I didn’t used to be a fan of graffiti. I thought it was dirty and broke the rules. The first memory I have of graffiti is looking at a picture of a waterfall and all of the rocks were covered with graffiti. I dismissed it and said that it was ugly, that the graffiti took away from the natural beauty. Then someone (who was doing it to get a rise out of me) said or, the graffiti makes the waterfall more beautiful. And though he was being an ass, it gave me pause; what I think is beautiful other people might find ugly or vice versa. What I think is dirty is art to someone else. I don’t think that I really began to appreciate graffiti until eight years later when I studied abroad in Argentina. Graffiti in Argentina (not always) makes a statement or is artistic. Not unintelligible scribbles, that mark territory or some such nonsense, like we often see (again…not always).
I started noticing the graffiti and other assorted acts of “vandalism” in New Orleans. Then I realized that I have a whole bunch of really great pictures of things written on various surfaces around New Orleans. So this is my tribute to the hilarious, sad, awe-inspiring and the huh? that is written, drawn, scrawled, painted, whatever around New Orleans.
I have so many pictures that I decided to break it down by section and/or topic. First I will start off with some hurricane and disaster related writings.
“Looters will be shot–Katrina Rule”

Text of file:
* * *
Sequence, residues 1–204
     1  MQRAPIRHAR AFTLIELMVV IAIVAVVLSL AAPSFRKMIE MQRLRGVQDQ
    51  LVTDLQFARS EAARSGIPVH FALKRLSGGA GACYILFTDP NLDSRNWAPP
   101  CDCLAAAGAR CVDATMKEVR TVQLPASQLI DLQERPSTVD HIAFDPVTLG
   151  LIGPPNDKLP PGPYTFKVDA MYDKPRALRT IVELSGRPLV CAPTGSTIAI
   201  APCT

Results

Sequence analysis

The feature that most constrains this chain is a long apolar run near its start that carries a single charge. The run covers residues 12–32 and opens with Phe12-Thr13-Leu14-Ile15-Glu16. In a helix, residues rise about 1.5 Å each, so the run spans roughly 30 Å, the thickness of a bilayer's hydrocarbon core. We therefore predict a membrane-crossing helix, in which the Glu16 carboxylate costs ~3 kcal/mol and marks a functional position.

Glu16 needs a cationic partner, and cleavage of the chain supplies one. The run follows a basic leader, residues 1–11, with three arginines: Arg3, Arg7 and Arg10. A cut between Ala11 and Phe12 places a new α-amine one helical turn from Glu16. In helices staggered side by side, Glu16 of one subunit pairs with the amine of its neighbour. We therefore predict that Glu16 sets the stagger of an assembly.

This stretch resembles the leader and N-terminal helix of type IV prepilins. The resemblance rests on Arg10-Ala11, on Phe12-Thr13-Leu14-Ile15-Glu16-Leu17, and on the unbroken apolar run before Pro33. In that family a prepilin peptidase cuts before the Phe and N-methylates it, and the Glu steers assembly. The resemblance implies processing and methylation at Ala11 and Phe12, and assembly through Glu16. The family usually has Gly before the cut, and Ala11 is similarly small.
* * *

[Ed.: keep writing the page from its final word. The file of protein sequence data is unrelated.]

I interviewed various people about the “Katrina experience” for a Master’s project. One guy who stayed for the storm and lived in the Bywater told me that he knew he had to leave the City, not because of the storm, or flooding- these didn’t damage his area much- but because his neighbors were starting to arm themselves and sit out on their front porches to protect their property.
The ‘X’ represents all that was Katrina: death, damage, lasting effects and volunteers. The top signifies the date the house was searched; the left the group that searched it; the bottom the number of dead; the right the number of structural hazards. The arrow (not always used) signals that there was a gas leak around the corner.
One Lower 9th Ward man’s call for love.
I don’t know how long this table has been out here and I don’t know if this spot was where this man’s house used to stand. But I do know that this is a sentiment that is felt through New Orleans still. We seem to be a city that is wrapped up in nice paper, a sweet little bow and sold to consumers, who never really see pain in the truth.
“Piss off Isaac”
Succinct and to the point, this sign was posted after the last not worthy hurricane, Isaac. I was driving around (when I shouldn’t have been…) and found this little gem…along with this next one.
“NOT A ZOMBIE ENTRANCE”
Again, very clear statement: we don’t want you zombies.
From the ashes and oil we will rise
I feel like this is pretty clear: New Orleans has survived Katrina and the BP Oil Spill but we rise above it.
“Rise & Preserve”
It’s what we do.
The point? Graffiti is often times just another way to publicly chronicle events in our lives.